Fearful Symmetries

Witness a machine turn coffee into pointless ramblings...

30 May, 2010

The Secret in Their Eyes



El secreto de sus ojos (The Secret in Their Eyes) won the Academy Award for best foreign film this year. The Argentinean film is part thriller, part romance, and part gentle meditation on how the past is always with us in the present.

It opens with a scene of a man and a woman parting ways at a train station. But it looks like it was rotoscoped by someone tripping on LSD. Faces are blurred to the point of being unrecognizable and movement leaves trails. We are then introduced to Benjamin Espósito. Now retired, he attempts to write about the murder of a young woman 20 years previously that he can't get out of his mind. But he is unable to put his thoughts on paper. With each attempt we see it portrayed onscreen but these scenes come to abrupt halts as Benjamin stops writing and crumples up his paper.

He was a court investigator in Buenos Aires and one day in 1974 he was called upon to investigate a savage murder. Arriving at the crime scene swaggering and barking orders, Benjamin is shocked into silence upon seeing the woman's battered and bloody corpse. He can't help staring at it. Back in the present, the writer's block-ridden Benjamin visits Irene Menéndez Hastings, a judge's assistant who had worked with him on the murder case back in the 1970s. He tries to interest her in reviving the past for inspection but she balks at the chance.

A large chunk of the film is told in flashback. Benjamin and his partner Pablo Sandoval work the case. Pablo is older than Benjamin and has a bit of a drinking problem. Despite this, he is a masterful investigator. They're a likeable pair who seek justice even if it means employing extralegal means. There is also an office romance waiting to bloom as our protagonist is attracted to Irene but he refuses to act upon his feelings.

The thriller aspect comes out here as Benjamin and Pablo track down the murderer. At first suspicion falls on the victim's boyfriend but he is cleared and spends his free time sitting at the train station waiting to find the killer. Eventually and improbably, a series of photographs point to the murderer who is eventually caught in a kinetic scene at a soccer stadium. It begins with an aerial shot which makes its way to the stands where Benjamin and Pablo look for their prey. They find the guy who runs but is eventually caught. The whole scene is full of energy as the aerial shot is stitched together with those in the stands and some wonderful Steadicam work making for a great long take.

Although the film largely avoids the politics of the time with one dictator being replaced by another followed by death squads and disappearances, we presume some time has passed when the killer, a young man named Gomez, is released from prison to help out the government in its nefarious activities. Gomez threatens Benjamin and Irene. Irene is insulated by her rich family while Benjamin is forced to flee and we see the opening scene played over but in focus so we can see the expressions on their faces, the secrets in their eyes. This provides a mini-denouement and even a fade to black but director Juan José Campanella isn't finished with us. The fates of Gomez and Pablo are shown as is a final look at the unspoken love between Benjamin and Irene in the present day.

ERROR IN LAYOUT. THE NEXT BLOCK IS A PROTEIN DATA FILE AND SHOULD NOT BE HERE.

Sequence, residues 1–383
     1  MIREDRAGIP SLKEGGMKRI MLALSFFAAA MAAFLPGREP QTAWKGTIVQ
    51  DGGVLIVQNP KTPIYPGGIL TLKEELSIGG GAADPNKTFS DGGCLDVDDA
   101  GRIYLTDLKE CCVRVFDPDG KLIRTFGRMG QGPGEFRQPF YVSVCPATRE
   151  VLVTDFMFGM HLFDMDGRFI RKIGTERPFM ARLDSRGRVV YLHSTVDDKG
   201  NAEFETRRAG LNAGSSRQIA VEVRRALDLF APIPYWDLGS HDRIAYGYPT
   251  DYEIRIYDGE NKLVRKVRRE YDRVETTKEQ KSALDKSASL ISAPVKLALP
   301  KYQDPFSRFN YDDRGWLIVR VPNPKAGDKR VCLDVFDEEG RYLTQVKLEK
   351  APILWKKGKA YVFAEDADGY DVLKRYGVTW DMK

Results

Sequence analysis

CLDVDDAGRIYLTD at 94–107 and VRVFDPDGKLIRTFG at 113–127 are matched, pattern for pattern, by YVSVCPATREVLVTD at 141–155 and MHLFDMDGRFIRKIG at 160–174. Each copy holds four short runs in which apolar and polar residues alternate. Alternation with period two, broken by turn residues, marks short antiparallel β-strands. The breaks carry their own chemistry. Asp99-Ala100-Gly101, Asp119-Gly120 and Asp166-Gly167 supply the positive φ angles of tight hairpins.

Not being overly familiar with Argentina's history these past 40 years, I'm not sure how far to take metaphor here. I take the woman's battered corpse as a stand-in for Argentina in its darkest days from 1975-1983 and Benjamin's obsession with the case as representing Argentina wrestling with the old ghosts of dictators past. There are, however, surely other allusions and symbols that went right over my head. Luckily the story stands on its own as a personal tale. Unrequited love and people looking back on their lives questioning the past are powerful and universal themes.

In addition, Benjamin and Irene are wonderfully drawn characters. He is a bit of a rogue down in the trenches fighting the good fight while she is further up the social ladder and more refined. Still, as the interrogation scene demonstrated, she can spew out venom with ruthless candor. I also appreciated how they were not kids in their early 20s. Even in the flashbacks. I guess that the older I get, the more interesting I find love stories featuring veterans of the forever wars for whom love is real and necessary but who also understand that its pursuit isn't a fairy tale and can be tempered by circumstances and personal failings. It's not that we get to know these characters particularly deeply – there is also a murder to be solved, after all – but that they seem to hit the right notes.

|| Palmer, 10:11 PM

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